Women who consider home birth have a strong sense that they want to be in familiar surroundings with family and friends around when they deliver. Some may have equally strong religious or cultural leanings toward home birth. All those feelings deserve respect. "My personal bias is that women who decide to deliver at home really believe they can control their delivery and are nervous about going into a hospital where that control is taken away," says Kilpatrick, chair of Cedars-Sinai's Department of Obstetrics-Gynecology. "But they also have the expectation that every baby born is going to be perfect." And that, sadly, is beyond anyone's control.
Women planning a home birth need to know that while it's still overwhelmingly likely that they and their babies will be fine, their infants have a statistically greater chance of dying if delivery occurs at home. If unexpected breathing or heart problems appear, for example, it's unlikely any home attendant would be equipped and prepared for the life-threatening emergency.
Women should understand that good candidates are healthy women having a normal, healthy pregnancy with no known increased risks; they'll likely do better if they've had at least one baby before; they should be attended by a certified midwife, certified nurse midwife or physician (fewer than 8 percent of home births were attended by a physician in 2006, down from about 22 percent in 1990.)
It's important, Kilpatrick says, to pick the right person for a home birth, and that is someone approved and certified by the American Midwifery Certification Board. In 2006, about 45 percent of home births were attended by uncertified midwives, and another 30 percent were attended by a category called "other," that includes family members, emergency medical technicians and unlucky taxi drivers.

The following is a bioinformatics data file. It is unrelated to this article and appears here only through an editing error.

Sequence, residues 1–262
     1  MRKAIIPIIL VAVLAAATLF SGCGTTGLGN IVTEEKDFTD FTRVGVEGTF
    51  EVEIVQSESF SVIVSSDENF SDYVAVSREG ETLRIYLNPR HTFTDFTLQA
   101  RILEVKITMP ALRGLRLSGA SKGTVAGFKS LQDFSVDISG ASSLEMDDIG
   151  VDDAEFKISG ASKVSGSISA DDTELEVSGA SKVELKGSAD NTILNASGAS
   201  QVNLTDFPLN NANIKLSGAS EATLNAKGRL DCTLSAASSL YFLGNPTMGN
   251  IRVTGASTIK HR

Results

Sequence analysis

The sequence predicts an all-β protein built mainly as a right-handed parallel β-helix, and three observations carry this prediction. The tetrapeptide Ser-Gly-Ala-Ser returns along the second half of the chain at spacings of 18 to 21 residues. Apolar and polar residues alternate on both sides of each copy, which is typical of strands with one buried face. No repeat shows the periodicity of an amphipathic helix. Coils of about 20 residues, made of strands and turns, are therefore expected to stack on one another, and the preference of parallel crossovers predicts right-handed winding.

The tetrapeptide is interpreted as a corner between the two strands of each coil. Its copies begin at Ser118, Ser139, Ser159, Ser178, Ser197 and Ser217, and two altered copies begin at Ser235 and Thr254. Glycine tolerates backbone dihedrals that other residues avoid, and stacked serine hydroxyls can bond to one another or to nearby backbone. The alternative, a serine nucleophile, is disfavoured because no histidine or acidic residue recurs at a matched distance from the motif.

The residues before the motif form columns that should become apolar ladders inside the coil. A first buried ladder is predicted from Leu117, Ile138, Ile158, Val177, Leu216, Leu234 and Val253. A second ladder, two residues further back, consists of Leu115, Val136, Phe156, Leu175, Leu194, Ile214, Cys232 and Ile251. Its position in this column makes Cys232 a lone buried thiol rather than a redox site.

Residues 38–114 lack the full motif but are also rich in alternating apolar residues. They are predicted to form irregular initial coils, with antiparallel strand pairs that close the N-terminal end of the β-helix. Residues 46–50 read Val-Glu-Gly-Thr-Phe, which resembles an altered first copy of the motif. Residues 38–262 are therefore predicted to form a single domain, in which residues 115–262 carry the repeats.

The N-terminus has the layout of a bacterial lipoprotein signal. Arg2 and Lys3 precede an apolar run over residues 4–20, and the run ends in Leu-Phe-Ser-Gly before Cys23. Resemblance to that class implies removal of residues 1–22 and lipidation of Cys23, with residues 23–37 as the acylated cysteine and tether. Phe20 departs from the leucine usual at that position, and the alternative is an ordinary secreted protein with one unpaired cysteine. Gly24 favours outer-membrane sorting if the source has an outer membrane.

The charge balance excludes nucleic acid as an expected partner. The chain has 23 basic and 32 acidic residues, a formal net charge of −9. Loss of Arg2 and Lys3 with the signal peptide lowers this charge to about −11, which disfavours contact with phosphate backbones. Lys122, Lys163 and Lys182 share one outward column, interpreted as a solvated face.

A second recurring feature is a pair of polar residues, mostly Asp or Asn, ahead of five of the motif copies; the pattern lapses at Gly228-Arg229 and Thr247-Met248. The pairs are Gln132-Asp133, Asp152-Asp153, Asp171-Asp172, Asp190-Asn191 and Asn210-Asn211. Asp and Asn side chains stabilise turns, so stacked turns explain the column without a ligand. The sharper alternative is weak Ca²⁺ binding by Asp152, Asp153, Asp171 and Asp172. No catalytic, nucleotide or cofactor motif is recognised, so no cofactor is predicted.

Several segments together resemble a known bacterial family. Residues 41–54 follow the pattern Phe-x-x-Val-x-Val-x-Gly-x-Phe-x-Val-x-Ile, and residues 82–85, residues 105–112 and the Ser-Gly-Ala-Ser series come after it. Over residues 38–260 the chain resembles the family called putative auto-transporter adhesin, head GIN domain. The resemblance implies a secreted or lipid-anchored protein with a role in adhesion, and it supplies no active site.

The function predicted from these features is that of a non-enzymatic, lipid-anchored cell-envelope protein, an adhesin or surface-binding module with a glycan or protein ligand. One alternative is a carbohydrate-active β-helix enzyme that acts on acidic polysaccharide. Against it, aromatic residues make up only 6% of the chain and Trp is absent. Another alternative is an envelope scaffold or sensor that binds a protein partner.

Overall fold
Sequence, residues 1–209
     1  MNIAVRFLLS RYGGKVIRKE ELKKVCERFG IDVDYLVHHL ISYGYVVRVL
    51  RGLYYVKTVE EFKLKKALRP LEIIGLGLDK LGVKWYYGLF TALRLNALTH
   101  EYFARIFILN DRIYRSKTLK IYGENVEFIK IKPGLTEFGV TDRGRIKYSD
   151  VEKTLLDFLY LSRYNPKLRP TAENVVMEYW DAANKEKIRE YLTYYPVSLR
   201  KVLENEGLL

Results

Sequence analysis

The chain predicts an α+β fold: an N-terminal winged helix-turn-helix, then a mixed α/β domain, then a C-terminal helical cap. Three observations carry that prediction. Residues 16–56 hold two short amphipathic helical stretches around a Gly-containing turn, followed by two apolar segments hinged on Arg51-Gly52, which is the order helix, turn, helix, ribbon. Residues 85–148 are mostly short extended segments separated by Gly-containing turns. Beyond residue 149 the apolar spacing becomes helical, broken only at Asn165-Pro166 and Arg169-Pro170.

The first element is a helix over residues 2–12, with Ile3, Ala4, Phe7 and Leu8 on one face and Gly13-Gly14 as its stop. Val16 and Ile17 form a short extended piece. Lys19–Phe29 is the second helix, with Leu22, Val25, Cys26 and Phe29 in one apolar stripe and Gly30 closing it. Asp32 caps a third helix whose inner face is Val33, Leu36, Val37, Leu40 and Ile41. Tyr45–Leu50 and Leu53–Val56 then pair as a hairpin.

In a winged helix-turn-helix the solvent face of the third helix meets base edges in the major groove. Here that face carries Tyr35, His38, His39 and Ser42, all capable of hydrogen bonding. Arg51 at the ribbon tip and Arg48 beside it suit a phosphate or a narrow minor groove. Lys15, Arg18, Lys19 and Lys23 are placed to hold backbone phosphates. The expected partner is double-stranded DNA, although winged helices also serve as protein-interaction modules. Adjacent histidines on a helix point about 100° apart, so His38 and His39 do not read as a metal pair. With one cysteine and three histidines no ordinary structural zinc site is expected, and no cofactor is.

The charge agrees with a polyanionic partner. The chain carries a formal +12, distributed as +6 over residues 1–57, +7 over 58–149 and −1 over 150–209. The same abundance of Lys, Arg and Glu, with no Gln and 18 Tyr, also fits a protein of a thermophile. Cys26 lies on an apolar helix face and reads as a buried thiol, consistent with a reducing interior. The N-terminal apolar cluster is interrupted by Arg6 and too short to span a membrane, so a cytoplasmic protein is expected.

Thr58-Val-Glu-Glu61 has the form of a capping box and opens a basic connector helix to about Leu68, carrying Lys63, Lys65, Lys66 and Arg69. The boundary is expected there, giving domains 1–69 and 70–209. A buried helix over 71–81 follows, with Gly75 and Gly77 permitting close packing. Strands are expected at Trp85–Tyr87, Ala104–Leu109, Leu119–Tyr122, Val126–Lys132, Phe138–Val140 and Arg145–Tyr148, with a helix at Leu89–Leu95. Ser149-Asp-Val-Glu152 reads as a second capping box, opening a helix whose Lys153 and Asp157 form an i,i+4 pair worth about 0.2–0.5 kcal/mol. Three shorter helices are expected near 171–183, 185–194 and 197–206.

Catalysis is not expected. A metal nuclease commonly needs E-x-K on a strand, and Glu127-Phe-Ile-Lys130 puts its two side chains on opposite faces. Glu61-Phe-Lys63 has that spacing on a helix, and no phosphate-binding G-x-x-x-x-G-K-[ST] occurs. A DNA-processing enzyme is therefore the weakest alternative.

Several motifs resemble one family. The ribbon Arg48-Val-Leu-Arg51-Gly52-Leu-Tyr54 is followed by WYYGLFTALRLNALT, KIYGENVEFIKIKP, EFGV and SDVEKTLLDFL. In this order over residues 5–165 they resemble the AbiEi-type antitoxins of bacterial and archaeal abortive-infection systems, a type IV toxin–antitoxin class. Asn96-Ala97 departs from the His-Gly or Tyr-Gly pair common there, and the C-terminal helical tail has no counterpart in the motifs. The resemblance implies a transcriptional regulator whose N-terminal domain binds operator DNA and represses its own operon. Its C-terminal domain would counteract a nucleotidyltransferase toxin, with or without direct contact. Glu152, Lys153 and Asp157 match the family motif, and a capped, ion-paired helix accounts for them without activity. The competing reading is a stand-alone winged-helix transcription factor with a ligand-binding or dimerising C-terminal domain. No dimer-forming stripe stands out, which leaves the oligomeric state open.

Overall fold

Whoever attends the birth should be backed up by consultation with an obstetrician who is affiliated with a nearby, well-equipped hospital. And it's crucial that there's a transportation plan to get the mother and baby to a hospital, pronto, if the need arises.
A Word About What Hospitals Have Learned
The desire to give birth at home stems at least in part from women's fears of hospitals. They've heard stories. They're afraid they'll lose all control over the kind of birth they want.
Hospitals have listened and tried to respond. "Over the years, more and more hospitals have midwives," says Kilpatrick. "We have one midwife here with a private practice, and about eight midwives employed by Cedars who don't have their own practice, but help care for patients, many with a collaborative practice with physicians."
Hospitals offer Lamaze classes to help women cope with pain, and staff work with women to help coordinate a plan for the kind of birth each woman wants. For pain control, the pendulum has swung in sync with women's desires. Forty years ago, women often were over-sedated to the point they weren't even aware of the birth. Then, things swung to natural birth with no pain control. Now, epidurals have been refined to the point where many women can be awake, aware and have good pain control.
Hospitals are imperfect, but they are far and away the safest places to be for a baby's delivery. For an unfortunate few, the slight increase in risk of a home birth can result in a lifetime of regret. "When babies don't do well, it's because things can go bad very quickly in labor," says Kilpatrick. "If a woman has a home birth and has a bad outcome, she has to live with that decision for the rest of her life. Things like that can happen even to women who believe they're healthy."